‘Cocaine Bear’ Gets Competition From A Meth-Addicted Alligator In Upcoming New Film By ‘Sharknado’ Producers

Promo art for 'Attack of the Meth Gator' (2023), The Asylum
Promo art for 'Attack of the Meth Gator' (2023), The Asylum

It seems as if a new cinematic fad involving narcotic-influenced apex predators is in full swing, thanks to Universal Pictures’ Cocaine Bear nearly recouping its budget just 4 days since its initial release. While that film was loosely – and we do mean loosely – based on real-life events, an upcoming comedy/horror flick starring a meth-addicted alligator probably isn’t.

Cocaine Bear, directed by Elizabeth Banks. © 2023 Universal Studios. All Rights Reserved.

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The producers of the guilty pleasure mockbuster series Sharknado recently announced that they are starting production on a brand new movie, with plans for a sequel practically guaranteed even before launch.

The low-budget company, known as The Asylum, dropped a teaser poster for Attack of the Meth Gator, which will supposedly debut sometime during the summer.

“Hold our bear… I mean, beer,” read the tweet, which was an obvious friendly jab at the ridiculousness of Cocaine Bear. The tweet finished with the caption “Coming for your life this summer,” followed by emojis of a test tube, an alligator, a snow cloud, and a teddy bear. 

The Asylum Twitter

If the rumors are to be believed (and honestly, you can’t make this stuff up), then Attack of the Meth Gator will tell the story of a gigantic alligator exposed to a massive amount of meth dumped into a nearby water supply.

The gator in question has been the subject of some quirky comedic tweets on behalf of The Asylum, who claim it was a difficult cast member on set.

“Our star will be entering rehab immediately after we wrap. We appreciate all your thoughts & prayers for his full recovery,” read one tweet, which was accompanied by a behind-the-scenes video of the cast members complaining about the titular gator’s behavior on set. Needless to say, the comments were fast, furious, and funny, with The Asylum joining in on the fun.

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Twitter user Eric Janssen went off on The Asylum for “still doing knockoffs,” citing Sharknado’s fall off the pop culture sphere.

The company responded with “We’ve never done a mockbuster like this before… rather than being based on a movie, this one is based on @RonDeSantisFL ’s plan to rid the panhandle of all the people deemed existentially unacceptable by the Republican party.” 

Twitter user Eric Janssen throws shade at The Asylum over 'Attack of the Gator,' and the company trolls him back

Twitter user Eric Janssen throws shade at The Asylum over ‘Attack of the Gator,’ and the company trolls him back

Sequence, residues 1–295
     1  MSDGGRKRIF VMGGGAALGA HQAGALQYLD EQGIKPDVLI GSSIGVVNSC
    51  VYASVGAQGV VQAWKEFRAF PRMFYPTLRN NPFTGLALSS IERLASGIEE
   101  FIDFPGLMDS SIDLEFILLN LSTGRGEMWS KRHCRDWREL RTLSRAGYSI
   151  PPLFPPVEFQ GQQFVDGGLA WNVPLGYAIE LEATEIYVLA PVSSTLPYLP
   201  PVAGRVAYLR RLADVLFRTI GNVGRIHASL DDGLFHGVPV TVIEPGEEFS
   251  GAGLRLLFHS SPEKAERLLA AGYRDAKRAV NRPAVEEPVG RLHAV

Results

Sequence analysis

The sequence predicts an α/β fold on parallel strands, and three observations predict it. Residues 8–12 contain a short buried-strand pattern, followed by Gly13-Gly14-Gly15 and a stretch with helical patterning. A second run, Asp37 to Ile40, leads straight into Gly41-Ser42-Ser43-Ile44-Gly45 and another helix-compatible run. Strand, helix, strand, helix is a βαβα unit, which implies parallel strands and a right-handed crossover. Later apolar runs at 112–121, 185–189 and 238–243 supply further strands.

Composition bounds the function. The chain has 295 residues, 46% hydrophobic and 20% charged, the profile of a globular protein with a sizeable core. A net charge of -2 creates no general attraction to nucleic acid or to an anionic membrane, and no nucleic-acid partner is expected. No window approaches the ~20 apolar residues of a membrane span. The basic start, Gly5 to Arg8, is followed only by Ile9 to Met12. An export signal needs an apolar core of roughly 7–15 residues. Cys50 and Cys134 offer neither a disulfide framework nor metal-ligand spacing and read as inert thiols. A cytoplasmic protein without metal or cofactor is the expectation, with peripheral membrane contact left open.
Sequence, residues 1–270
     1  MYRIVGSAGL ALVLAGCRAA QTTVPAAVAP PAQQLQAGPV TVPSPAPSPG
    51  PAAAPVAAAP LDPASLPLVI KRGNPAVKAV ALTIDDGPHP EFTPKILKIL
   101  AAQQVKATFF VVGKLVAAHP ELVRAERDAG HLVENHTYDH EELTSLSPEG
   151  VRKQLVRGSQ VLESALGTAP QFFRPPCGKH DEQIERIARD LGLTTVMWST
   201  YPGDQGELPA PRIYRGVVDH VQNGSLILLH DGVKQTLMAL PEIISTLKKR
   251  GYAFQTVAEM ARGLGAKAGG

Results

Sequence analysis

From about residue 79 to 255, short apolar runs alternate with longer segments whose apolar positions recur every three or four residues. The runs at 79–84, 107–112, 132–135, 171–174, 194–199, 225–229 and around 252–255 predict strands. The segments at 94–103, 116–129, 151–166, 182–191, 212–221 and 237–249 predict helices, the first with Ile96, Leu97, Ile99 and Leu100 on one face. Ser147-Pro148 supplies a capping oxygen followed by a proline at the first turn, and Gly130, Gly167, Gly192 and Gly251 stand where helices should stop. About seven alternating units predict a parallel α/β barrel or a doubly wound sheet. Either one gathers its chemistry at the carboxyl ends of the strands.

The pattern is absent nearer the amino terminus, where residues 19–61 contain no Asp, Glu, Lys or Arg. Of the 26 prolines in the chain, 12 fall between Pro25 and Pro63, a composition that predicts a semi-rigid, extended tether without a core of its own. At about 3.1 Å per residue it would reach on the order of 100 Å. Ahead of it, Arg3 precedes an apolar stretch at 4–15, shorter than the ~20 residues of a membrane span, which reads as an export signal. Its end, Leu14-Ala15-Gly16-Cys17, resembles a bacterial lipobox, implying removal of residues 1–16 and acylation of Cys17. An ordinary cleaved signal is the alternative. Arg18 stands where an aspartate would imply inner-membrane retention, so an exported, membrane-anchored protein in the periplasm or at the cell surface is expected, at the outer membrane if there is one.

A funny reply, and almost obviously an attempt by The Asylum to get a rouse out of people with some comedic trolling, but one shouldn’t read too deeply into the political messaging behind a movie about a meth-addicted alligator. I’m sure the producers agree.

User DimplyTWICE may end up securing a job at The Asylum after posting a hilarious tweet where he pitches what could be the company’s next big venture – Marijuana Llama. We’d laugh, but that would just be an invitation for the company to follow through, at which point we will have indeed seen everything.

Twitter user DimplyTWICE pitches a new concept idea for The Asylum on their Twitter page

Twitter user DimplyTWICE pitches a new concept idea for The Asylum on their Twitter page

The Sharknado series started off with one entry that got a lot of attention for its bad-on-purpose lampooning of disaster and horror films. Subsequent sequels were released, none of which managed to recoup their budgets the same way the first entry did.

The Asylum has also cranked out a number of low-budget movies over the years, many of them mockbusters.

A shark attacks a man on a subway train in 'Sharknado 2' (2014), SyFy Films

A shark attacks a man on a subway train in ‘Sharknado 2’ (2014), SyFy Films

Sequel-itis is poised to take root in the Meth Gator series, as well. The producers have already promised to name the next film in the series Crackodile, because why not

If nothing else, The Asylum have demonstrated the incredible and resilient nature of the capitalist economic model. Only under such a system could one studio churn out so many bad movies that people actually want to see, purely for the novelty of it all.

Hats off to the producers, but it remains to be seen whether Attack of the Meth Gator can make as much of a splash as Cocaine Bear, especially given the latter’s star-studded cast. 

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